a plain, black well-pump in the small southern town of
Tuscumbia, Alabama, one of the world's great miracles took
place. It began one bright, spring day in 1887. Puffy white
clouds floated overhead on a background of blue, while birds
fluttered through oaks and maples and flowers burst forth from
the fertile soil in an array of colors—all unheard and unseen by
a pretty girl of seven.
Standing at the totally blind and deaf
Helen Keller's side was a young woman, Anne Sullivan. Miss
Sullivan was steadily pumping cool water into one of the girl's
hands while repeatedly tapping out an alphabet code of five
letters in the other—first slowly, then rapidly. The scene was
repeated again and again as young Helen painstakingly struggled
to break her world of silence.
Suddenly the signals crossed Helen's
consciousness with a meaning. She knew that "w-a-t-e-r" meant
the cool something flowing over her hand. Darkness began to melt
from her mind like so much ice left out on the sunny March day.
By nightfall, Helen had learned 30
Helen Adams Keller was born a healthy
child on June 27, 1880, to Captain Arthur H. and Kate Adams
Keller of Tuscumbia. At the tender age of 19 months, she was
stricken with a severe illness which left her blind and deaf.
At the age of six, the half-wild, deaf and
blind girl was taken by her parents to see Dr. Alexander Graham
of her visit, Helen was united with her teacher Anne Mansfield
Sullivan on March 3, 1887. After Helen's miraculous
break-through at the simple well-pump, she proved so gifted that
she soon learned the fingertip alphabet and shortly afterward to
write. By the end of August, in six short months, she knew 625
By age 10, Helen had mastered Braille as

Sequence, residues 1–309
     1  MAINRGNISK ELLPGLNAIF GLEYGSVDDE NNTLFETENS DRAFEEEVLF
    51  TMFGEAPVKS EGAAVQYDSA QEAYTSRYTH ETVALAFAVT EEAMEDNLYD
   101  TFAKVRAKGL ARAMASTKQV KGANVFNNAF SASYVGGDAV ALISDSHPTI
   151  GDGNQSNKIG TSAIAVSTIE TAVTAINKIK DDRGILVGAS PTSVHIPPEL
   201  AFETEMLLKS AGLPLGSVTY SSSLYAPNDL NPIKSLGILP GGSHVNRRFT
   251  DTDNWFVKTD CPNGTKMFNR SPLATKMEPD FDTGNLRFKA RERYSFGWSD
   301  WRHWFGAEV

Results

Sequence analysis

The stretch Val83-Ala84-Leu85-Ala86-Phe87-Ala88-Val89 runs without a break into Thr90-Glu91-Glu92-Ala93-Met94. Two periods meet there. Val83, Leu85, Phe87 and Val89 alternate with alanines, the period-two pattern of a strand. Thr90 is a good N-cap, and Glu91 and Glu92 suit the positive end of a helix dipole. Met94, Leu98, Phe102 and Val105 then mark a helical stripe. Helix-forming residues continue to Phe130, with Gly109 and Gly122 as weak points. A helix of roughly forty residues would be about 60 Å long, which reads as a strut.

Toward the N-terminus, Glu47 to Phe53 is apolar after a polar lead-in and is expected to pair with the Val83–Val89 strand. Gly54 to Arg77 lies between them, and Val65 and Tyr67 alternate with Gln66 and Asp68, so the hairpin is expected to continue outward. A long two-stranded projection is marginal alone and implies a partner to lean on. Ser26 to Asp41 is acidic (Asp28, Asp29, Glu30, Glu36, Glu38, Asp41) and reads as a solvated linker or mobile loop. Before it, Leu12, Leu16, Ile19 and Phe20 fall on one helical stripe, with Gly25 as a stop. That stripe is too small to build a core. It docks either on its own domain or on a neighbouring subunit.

well as the manual alphabet and even learned to use the
typewriter. By the time she was 16, Helen could speak well
enough to go to preparatory school and to college. In 1904 she
was graduated "cum laude" from Radcliffe College. The teacher
stayed with her through those years, interpreting lectures and
class discussions to her.
Helen Keller, the little girl, became one
of history's remarkable women. She dedicated her life to
improving the conditions of blind and the deaf-blind around the
world, lecturing in more than 25 countries on the five major
continents. Wherever she appeared, she brought new courage to
millions of blind
Her teacher, Anne Sullivan is remembered
as "the Miracle Worker" for her lifetime dedication, patience
and love to a half-wild southern child trapped in a world of
11.New Zealand Gate
in 1820 only one year after Alabama became the 22ndState
of the Union, Ivy Green is a simple, white clapboard
home design in typical Southern architecture. The main
house is of Virginia cottage construction, with four
large rooms on the first floor bisected by a wide hall.
Each room boasts an individual fireplace. Upstairs are
three rooms connected by a hall. Having survived
untouched through the ravages of the Civil War, Ivy
Green is maintained to the smallest detail in its
Since 1954 Helen
Keller's birthplace has been a permanent shrine to the
"miracle" that occurred in a blind and deaf seven-year
old girl's life. At that time Ivy Green was placed on
the National Register of Historic Places.
We welcome you to
walk the grounds of
one of America's true historical treasures and
experience the miracle where it actually took place.